3. I’m in the middle of feeling angry with two people right now, and I can’t seem to get past it. I know that I should. But I suppose it is because it’s feelings of hurt that is really causing the anger. And when I am hurt, I withdraw and cut the other person out of my life. I guess I find it too painful to approach them and talk about it so I retreat instead. Not the healthiest way to deal with it. Thanks for this article. Yes, often our need to be right feeds the anger and discontent. I’ve learnt that simply because I feel that someone should apologize for having done something wrong to me, doesn’t mean they will. This often makes us more angry and we then start feeling even more justified in our anger. But it is quite pointless in the end. You can’t make someone say they’re sorry, and hanging on to the hurt and anger isn’t affecting them, it is only affecting us.

  4. cj

    Agreed Kayla! Conflict is simply too much stress. Love both your writing and the article.

    On the other hand, if someone is attacking or is keen on keeping the conflict going, I have no qualms at all letting them go. If we focus too much on the “why” we can begin making excuses for poor behavior too rather than addressing it.

  5. Annie

    Inner peace is my most valued quality. Being right at the expense of my sense of peace is just not worth it to me, although sometimes I forget this in the heat of the moment. I do believe that there is an art in balancing standing up for yourself and letting go of a futile disagreement, but at the end of the day I would much rather feel that I contributed to peace rather than escalated an argument. Thank you for the inspiration!

  6. Great Post, my favorite is “Lesson #3 – Make sure your reaction is in line with the size of the situation.” So many times we react emotionally when a more level head always prevails. Stop the out of control spiral with a calm and logical approach to your problems and things will always work out better. :)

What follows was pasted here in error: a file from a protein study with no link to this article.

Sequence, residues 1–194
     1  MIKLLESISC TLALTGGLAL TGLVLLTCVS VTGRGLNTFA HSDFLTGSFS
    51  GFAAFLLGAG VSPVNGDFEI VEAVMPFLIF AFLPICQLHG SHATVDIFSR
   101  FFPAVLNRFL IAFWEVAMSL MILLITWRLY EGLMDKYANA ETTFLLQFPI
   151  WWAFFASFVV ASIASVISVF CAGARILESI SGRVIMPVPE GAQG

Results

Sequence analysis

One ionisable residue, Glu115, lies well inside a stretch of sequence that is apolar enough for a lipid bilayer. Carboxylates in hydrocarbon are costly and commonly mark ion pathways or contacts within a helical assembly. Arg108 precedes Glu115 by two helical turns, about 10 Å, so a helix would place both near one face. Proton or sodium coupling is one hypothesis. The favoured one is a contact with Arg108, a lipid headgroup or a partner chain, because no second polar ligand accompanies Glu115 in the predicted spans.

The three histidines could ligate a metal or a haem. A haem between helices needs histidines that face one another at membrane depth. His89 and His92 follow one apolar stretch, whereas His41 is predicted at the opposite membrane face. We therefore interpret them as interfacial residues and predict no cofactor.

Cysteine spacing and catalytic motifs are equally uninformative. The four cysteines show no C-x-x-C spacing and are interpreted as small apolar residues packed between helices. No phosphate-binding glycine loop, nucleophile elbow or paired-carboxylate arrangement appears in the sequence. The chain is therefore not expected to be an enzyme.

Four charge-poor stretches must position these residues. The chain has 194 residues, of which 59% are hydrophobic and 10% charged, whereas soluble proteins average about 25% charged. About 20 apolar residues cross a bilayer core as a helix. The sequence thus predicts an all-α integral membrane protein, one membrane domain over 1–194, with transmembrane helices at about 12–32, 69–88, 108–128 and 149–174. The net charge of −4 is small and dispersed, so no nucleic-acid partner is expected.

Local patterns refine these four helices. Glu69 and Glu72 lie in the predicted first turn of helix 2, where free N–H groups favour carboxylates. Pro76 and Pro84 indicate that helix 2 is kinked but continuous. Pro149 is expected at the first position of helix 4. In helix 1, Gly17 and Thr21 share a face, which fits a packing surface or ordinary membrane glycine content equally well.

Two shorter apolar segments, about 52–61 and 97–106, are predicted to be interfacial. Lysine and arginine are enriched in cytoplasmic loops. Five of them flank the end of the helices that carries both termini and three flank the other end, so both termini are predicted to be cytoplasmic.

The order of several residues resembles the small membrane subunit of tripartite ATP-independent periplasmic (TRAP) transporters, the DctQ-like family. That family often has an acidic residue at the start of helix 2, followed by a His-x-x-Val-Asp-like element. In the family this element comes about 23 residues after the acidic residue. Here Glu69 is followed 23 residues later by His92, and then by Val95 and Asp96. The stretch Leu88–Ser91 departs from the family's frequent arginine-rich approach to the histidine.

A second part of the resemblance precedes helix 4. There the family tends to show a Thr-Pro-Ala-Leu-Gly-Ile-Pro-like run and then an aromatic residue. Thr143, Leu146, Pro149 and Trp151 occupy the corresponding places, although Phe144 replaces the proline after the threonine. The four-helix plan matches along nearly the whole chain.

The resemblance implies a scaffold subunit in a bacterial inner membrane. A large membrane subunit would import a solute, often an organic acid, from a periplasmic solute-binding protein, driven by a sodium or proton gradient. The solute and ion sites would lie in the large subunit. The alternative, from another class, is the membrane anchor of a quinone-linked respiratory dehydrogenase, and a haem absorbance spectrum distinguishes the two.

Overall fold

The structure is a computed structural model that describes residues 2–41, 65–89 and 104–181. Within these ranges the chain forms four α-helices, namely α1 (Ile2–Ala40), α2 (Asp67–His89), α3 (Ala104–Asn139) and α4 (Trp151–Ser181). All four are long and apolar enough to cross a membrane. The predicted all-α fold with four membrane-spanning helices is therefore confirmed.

7. I really appreciated the story you told, particularly the part where you explained how your grandma was feeling lonely and you were feeling a bit insecure. Things usually make more sense when we’re honest about what’s really bothering us and are able to communicate that with the other people involved.

  8. Lesson #2 really resonates with me. Especially when I “know” I’m right.

    It’s been one of the hardest things I’ve had to try and learn. But in the end, remember that if you care about someone, the relationship that you have (and want to continue) is much more important than the short-lived satisfaction of someone saying you where right. (Which rarely happens anyway)

  9. What an engrossing article.
    Of all the conflicts that have been resolved, those involving ‘family’ continue to affect me in some way long after the event.